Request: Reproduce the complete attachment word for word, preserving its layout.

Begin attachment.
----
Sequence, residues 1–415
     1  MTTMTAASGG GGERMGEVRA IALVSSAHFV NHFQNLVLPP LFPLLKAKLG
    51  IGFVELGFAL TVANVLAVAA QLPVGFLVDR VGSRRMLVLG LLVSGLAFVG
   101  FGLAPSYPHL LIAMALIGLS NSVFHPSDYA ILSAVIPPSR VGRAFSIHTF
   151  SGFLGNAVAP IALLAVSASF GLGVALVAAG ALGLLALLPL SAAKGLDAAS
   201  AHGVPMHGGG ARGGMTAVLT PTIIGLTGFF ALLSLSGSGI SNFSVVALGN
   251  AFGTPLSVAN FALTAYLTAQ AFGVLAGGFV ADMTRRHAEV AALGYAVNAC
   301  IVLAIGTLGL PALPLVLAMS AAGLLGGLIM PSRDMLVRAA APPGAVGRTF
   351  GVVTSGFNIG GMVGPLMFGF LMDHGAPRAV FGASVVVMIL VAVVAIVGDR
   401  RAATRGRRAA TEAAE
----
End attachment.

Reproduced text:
Sequence, residues 1–415
     1  MTTMTAASGG GGERMGEVRA IALVSSAHFV NHFQNLVLPP LFPLLKAKLG
    51  IGFVELGFAL TVANVLAVAA QLPVGFLVDR VGSRRMLVLG LLVSGLAFVG
   101  FGLAPSYPHL LIAMALIGLS NSVFHPSDYA ILSAVIPPSR VGRAFSIHTF
   151  SGFLGNAVAP IALLAVSASF GLGVALVAAG ALGLLALLPL SAAKGLDAAS
   201  AHGVPMHGGG ARGGMTAVLT PTIIGLTGFF ALLSLSGSGI SNFSVVALGN
   251  AFGTPLSVAN FALTAYLTAQ AFGVLAGGFV ADMTRRHAEV AALGYAVNAC
   301  IVLAIGTLGL PALPLVLAMS AAGLLGGLIM PSRDMLVRAA APPGAVGRTF
   351  GVVTSGFNIG GMVGPLMFGF LMDHGAPRAV FGASVVVMIL VAVVAIVGDR
   401  RAATRGRRAA TEAAE